Music News & Reviews

A better forecast for bluegrass music

Marty Raybon comes to Meadowgreen Park in Clay City on Saturday.
Marty Raybon comes to Meadowgreen Park in Clay City on Saturday.

Marty Raybon and Full Circle

7 p.m. Feb. 6 at Meadowgreen Park Music Hall, 303 Bluegrass Lane in Clay City. $20. 606-663-9008.

In waxing on about this weekend’s entry in the autumn-to-spring concert series at Meadowgreen Park Music Hall in Clay City, one needs to be cautious. That has nothing to do with headlining performer Marty Raybon, who has been a regional favorite for years. It’s just that when we devoted all of The Musical Box’s available space to a packed weekend of bluegrass shows two weeks ago, the snows arrived and nearly every area concert event in the region, especially those on Friday, were shut down and left out in the cold.

Let’s hope that Mother Nature’s tease of spring last weekend is an indication things will be a little more seasonal for Raybon’s return Saturday.

A Florida native, Raybon came to national prominence in the mid-1980s playing country music as opposed to bluegrass. For 12 years, he piloted the band Shenandoah as it made hits including Two Dozen Roses, The Church on Cumberland Road and the Grammy-winning duet with Alison Krauss, Somewhere in the Vicinity of the Heart.

Shenandoah, along with a simultaneous duo project involving brother Tim Raybon, dissolved in 1997, setting the stage for a solo career that veered into bluegrass. Vocally, little has changed with his music. Raybon remains an assured singer with a confident tone that sits comfortably between soul and gospel. Understandably, country music informs many of Raybon’s bluegrass recordings, including his most recent release, 2013’s The Back Forty.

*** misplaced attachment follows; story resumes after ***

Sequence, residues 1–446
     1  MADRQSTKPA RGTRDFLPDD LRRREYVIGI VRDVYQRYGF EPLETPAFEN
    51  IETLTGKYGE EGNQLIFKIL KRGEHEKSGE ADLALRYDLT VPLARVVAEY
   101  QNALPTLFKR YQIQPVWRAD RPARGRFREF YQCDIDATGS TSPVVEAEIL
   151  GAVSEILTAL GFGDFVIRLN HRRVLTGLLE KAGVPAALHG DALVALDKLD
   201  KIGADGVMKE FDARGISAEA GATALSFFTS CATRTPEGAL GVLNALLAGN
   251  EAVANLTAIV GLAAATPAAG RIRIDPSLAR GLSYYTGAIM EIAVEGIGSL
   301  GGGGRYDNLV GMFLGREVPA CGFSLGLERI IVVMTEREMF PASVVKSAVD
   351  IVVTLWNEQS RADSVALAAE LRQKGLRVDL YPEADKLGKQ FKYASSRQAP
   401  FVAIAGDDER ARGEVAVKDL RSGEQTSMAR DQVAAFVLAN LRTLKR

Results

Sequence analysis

Original tunes including A Little More Sawdust on the Floor revel in country accessibility. Curiously, though, Raybon’s cover of Webb Pierce’s Slowly (I’m Falling) — a massive 1954 hit that helped define the role of pedal-steel guitar on Nashville records — is presented with a brisk tempo that defies the tune’s title to keep the music very much in step with traditional bluegrass.

Raybon leads something of a double life these days. A re-formed and retooled Shenandoah began touring again in 2014 and has gigs sprinkled among Raybon’s solo dates this winter. Saturday’s show, however, will be all bluegrass — providing, of course, Mother Nature doesn’t feel the itch to interfere again.

Graham Nash

7:30 p.m. Feb. 9 at the Brown Theatre, 315 West Broadway in Louisville. $41, $56. 800- 775-7777. Kentuckycenter.org.

One of the more curious aspects to viewing a veteran act like Crosby, Stills and Nash is how, quite unavoidably, the group tends to be viewed strictly as a trio. That’s kind of the point when promoting an ensemble, but each of the three artists come from storied pop backgrounds and have maintained extensive solo careers even as CSN’s profile grew and, at times, went into hiding. It hasn’t been until the past few years, between group tours, that any serious focus turned back to the members’ individual exploits.

David Crosby released the indie album Croz two winters ago. Stephen Stills played Kentucky as a solo act for the first time in decades last summer. Now Graham Nash performs for the first time in Kentucky as a headliner Tuesday with a performance at the Brown Theatre in Louisville.

Prompting this N-without-C-or-S tour is This Path Tonight, Nash’s first solo recording in 14 years. Curiously, the record won’t be out until April. But expect several of its songs (Golden Days, Myself at Last and Back Home) to be included with more familiar fare from the CSN catalog, his duo work with Crosby, a few older solo tunes and even music from his tenure with The Hollies, which predates all of his other musical endeavors. Nash is a double inductee in the Rock and Roll Hall of Fame as a member of both The Hollies and CSN.

“I am a complete slave to the music,” Nash wrote in his 2013 autobiography Wild Tales. “I will do anything for good music — anything. That’s my one enduring addiction.”

Keeping it Mummies

It seems as if you can’t swing a sarcophagus around these parts without slamming into a show by Here Come the Mummies. The Nashville funk troupe known for playing, literally, under wraps to hide supposed distinguished commercial profiles has been a hit in Central Kentucky haunts for years. Its local popularity was reinforced last fall with a outdoor performance downtown for the Breeders’ Cup Festival.

On Tuesday, the band brings its groove indoors for a show at the EKU Center for the Arts in Richmond with an opening set by the fine Lexington roots-savvy power trio Johnny Conqueroo (7:30 p.m; $15-$35). Call 859-622-7469 or go to Ekucenter.com.

Walter Tunis has covered music for the Lexington Herald-Leader for 35 years.

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